B: Look, guys, there is much we can discover in the Bible. Why don’t we find a nice place, get some coffee, and look further? Sounds good?

A: Fine. I’m cool with that.

C: You got me curious. OK, let’s do that.


P.S. A, B and C are currently on a regular, weekly study of the Bible together. Besides the topic of authorized music in worship, B is also helping his friends discover what the Bible says on a host of things.


P.P.S. On a Wednesday evening, after another session of searching the Scriptures, A decided to obey the gospel. C is struggling, meanwhile…



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Unprofitable Servants

Our Lord teaches in Luke 17:7-10 the true attitude of a servant.

“But which of you, having a servant plowing or feeding cattle, will say unto him by and by, when he is come from the field, Go and sit down to meat? And will not rather say unto him, Make ready wherewith I may sup, and gird thyself, and serve me, till I have eaten and drunken; and afterward thou shalt eat and drink? Doth he thank that servant because he did the things that were commanded him? I trow not. So likewise ye, when ye shall have done all those things which are commanded you, say, We are unprofitable servants: we have done that which was our duty to do” (Luke 17:7-10).

Perhaps you have come across some well-meaning folks, in a display of piety, quoting the final two lines whenever they are praised or complimented for some good service they have performed.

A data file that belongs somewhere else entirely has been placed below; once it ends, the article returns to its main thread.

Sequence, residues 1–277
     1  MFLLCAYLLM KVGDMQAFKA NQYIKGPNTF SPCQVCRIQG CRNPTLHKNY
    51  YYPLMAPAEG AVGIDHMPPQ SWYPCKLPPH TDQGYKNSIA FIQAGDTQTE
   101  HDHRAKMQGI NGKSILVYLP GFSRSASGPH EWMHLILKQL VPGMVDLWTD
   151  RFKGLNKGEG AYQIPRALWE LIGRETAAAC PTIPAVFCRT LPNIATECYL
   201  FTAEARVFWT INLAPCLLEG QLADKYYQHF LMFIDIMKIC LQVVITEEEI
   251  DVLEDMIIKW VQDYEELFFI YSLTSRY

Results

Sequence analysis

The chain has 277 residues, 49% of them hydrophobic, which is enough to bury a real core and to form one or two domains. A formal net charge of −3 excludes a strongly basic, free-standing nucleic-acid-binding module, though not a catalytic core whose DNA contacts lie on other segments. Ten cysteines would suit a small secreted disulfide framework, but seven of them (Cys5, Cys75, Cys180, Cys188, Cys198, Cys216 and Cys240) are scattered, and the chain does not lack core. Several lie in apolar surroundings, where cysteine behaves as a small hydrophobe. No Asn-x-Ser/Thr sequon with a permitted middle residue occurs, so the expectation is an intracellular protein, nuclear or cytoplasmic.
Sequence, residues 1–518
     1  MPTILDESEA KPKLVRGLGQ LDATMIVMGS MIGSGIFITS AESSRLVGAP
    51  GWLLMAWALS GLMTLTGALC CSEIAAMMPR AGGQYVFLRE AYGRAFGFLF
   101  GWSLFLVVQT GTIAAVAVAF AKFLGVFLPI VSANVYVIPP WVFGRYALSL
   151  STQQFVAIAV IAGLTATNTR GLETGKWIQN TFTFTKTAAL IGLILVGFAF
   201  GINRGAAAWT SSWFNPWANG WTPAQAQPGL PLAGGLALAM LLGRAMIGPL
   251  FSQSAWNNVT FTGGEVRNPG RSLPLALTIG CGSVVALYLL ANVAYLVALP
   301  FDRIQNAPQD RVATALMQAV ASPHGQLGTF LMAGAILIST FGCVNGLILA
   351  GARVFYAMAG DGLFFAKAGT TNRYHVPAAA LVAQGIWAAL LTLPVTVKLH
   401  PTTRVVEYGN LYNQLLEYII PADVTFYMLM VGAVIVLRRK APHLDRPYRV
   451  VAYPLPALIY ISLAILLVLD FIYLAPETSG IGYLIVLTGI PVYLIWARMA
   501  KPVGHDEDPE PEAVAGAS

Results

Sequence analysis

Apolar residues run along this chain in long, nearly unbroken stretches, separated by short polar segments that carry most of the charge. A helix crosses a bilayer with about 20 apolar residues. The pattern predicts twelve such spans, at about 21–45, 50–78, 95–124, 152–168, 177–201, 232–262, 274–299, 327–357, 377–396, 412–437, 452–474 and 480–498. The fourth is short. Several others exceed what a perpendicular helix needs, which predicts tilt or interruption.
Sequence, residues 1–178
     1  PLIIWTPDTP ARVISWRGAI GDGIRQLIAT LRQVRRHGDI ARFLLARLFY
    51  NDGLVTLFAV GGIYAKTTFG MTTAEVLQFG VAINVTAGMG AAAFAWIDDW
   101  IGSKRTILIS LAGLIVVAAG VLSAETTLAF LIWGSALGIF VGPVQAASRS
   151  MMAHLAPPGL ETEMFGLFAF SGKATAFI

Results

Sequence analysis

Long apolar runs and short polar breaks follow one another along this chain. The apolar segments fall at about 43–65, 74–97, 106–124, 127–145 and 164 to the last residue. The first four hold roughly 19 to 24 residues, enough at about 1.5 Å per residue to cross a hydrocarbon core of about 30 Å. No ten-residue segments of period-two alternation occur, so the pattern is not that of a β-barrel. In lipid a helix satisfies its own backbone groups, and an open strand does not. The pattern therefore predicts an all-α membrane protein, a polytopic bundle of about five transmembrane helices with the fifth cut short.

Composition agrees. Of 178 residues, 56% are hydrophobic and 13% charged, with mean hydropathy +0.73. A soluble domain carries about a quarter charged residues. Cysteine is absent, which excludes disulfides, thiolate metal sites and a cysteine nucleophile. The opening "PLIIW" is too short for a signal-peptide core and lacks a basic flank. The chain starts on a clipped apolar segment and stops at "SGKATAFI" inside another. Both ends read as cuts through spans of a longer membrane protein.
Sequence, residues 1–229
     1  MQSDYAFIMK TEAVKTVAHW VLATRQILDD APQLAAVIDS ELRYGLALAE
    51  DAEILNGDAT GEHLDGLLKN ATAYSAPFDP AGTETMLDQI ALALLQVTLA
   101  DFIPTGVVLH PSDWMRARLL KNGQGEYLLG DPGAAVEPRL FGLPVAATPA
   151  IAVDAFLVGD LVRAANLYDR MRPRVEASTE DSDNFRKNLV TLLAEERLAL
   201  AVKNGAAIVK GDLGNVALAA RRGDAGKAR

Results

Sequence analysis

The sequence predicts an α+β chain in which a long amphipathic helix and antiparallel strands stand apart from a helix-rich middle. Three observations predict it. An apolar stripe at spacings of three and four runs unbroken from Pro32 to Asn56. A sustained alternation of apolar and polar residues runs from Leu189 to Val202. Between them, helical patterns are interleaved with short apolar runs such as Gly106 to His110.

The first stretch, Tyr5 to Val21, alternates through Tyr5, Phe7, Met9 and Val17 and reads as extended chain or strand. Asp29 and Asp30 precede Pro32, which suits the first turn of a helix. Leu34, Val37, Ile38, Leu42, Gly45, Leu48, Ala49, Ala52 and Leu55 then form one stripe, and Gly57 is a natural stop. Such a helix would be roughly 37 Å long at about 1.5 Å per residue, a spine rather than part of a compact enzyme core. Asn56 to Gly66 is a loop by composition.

“We are unprofitable servants: we have done that which was our duty to do.”

Perhaps we have ourselves quoted these lines.

While we ought not to bear evil suspicions of anyone’s intentions (cf. 1 Timothy 6:4), it is good for our souls to check our own intentions whenever we use these oft quoted lines from the Lord Jesus. Let others take care of their motives; we shall care for our own.

However long or short the number of years we have been members of the Lord’s body, the church, we could at times pause and ask ourselves: what have I achieved all these years as a Christian?

Surely, we know brethren who have an impressive ‘curriculum vitae’ as far as their areas of service go, and it is right to appreciate these brethren and remind ourselves that we too can contribute more in our service to the Lord.

But what makes for an achievement? Dictionary.com defines it as 1) “something accomplished, especially by superior ability, special effort, great courage, etc.; a great or heroic deed; 2) the act of achieving; attainment or accomplishment.

Take a moment and consider these definitions with the words of the Lord, “When ye shall have done all those things which are commanded you, say, We are unprofitable servants.”

The Lord uses the word “unprofitable.” This is an interesting word for Him to choose. The Greek word, achreios, means “useless, good for nothing.” The word “unworthy” better expresses the meaning of the word in our modern English than “unprofitable.”

This is a rather strong expression for the Lord to use in describing the servant’s attitude, don’t you think?

Faithful, obedient service is no less than what our Lord deserves from us. We score no points with Him; we merit no credit whatsoever for rendering service we owe to our Lord and Master.

“We have done that which was our duty to do.” What have we done for the Lord and His church in the years, however long or short, as a Christian? Have we actually ‘achieved’ anything, in the sense of the word as popularly understood today?

Whatever “superior ability” we might imagine we possess, whatever special effort and great courage we might display; whatever we think we have attained or accomplished—what are these but “that which was our duty to do”?

If we should ever feel tempted to pat ourselves on the back whenever we are tempted to think of our “achievements” in the Lord, take a moment to ponder: “We are useless, good for nothing, unworthy servants: we have only done that which was our duty to do.”